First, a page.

Should food labels include exercise amounts

 In the latest topic of debate regarding food label development and reform, the Royal Society for Public Health has announced that they are supporting a new movement which would require that food labels contain information regarding how much exercise would be needed to burn off the item that was just consumed. Listed in minutes, this figure would provide a general assessment for men and women, obviously not overly precise given the inherent variance in metabolic rates, caloric intake and exercise efficiency.

 That being said, these inaccuracies which may occur in the labelling are doing little to dissuade those members of the Royal Society intent on seeing these reforms occur. That being said, other experts in related fields are claiming that label reform as a whole is doing little to curb dietary trends in the UK, due in large part to the fact that many consumers simply dont care what information is present. Shirley Cramer, also a member of the Royal Society for Public Health, has stated that label changes will only truly affect those who make a concerted effort to read the labels, which, in all reality, is a small slice of the larger consumer demographic. "It’s the health literate consumer who is taking notice of those labels, those taking time over it, Cramer explained, and there actually aren’t that many people doing that."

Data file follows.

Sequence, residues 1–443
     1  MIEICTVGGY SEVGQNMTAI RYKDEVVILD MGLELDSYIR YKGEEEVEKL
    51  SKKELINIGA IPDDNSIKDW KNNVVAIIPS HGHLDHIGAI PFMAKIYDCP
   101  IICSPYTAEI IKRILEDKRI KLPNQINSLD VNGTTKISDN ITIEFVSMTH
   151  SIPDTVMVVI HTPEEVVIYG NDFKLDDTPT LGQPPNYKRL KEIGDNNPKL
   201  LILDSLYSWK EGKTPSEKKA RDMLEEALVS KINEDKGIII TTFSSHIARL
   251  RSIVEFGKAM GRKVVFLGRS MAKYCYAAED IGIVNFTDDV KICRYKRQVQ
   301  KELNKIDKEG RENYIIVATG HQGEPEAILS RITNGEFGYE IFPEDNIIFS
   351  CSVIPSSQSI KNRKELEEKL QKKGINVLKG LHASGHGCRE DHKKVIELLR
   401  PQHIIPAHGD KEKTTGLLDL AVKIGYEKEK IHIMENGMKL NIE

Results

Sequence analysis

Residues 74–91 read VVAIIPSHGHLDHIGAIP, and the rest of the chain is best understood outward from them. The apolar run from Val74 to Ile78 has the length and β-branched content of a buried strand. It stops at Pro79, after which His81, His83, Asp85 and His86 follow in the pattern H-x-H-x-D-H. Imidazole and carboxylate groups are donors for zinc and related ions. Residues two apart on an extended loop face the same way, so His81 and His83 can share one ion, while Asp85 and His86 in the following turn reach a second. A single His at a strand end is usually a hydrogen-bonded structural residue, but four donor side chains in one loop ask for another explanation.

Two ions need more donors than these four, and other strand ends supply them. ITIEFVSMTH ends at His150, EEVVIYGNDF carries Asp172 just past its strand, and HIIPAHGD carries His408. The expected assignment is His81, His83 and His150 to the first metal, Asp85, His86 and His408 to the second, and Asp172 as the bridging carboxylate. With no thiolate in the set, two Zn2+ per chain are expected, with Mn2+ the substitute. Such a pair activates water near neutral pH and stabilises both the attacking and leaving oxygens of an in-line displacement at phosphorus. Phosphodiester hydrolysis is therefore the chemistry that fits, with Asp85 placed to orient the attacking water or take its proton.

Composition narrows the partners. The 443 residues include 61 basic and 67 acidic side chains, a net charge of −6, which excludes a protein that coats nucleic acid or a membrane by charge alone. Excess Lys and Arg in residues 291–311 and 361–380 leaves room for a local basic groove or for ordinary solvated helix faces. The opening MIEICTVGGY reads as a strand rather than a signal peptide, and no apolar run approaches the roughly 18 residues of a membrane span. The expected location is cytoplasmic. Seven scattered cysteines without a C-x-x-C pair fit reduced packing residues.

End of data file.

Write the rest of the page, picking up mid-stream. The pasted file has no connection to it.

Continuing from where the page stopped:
That being said, Cramer, like her colleagues, believes that reframing the information on food labels in such a way as to make it appear directly related to their daily lives will ensure that it

is given the attention it deserves. Ultimately, by framing the nutritional content of a food or beverage in terms of how long it will take individuals to exercise away the after effects of the caloric intake, the RSPH believes that noticeable and beneficial health benefits will follow.

 Cramer continued on with her discussion to provide additional commentary on the current state of food labels. "Although nutritional information provided on food and drink packaging has improved," she prefaced, "It is evident that it isn’t working as well as it could to support the public in making healthy choices." It will be quite interesting to observe whether or not the recontextualisation of these labels achieves the desired goals.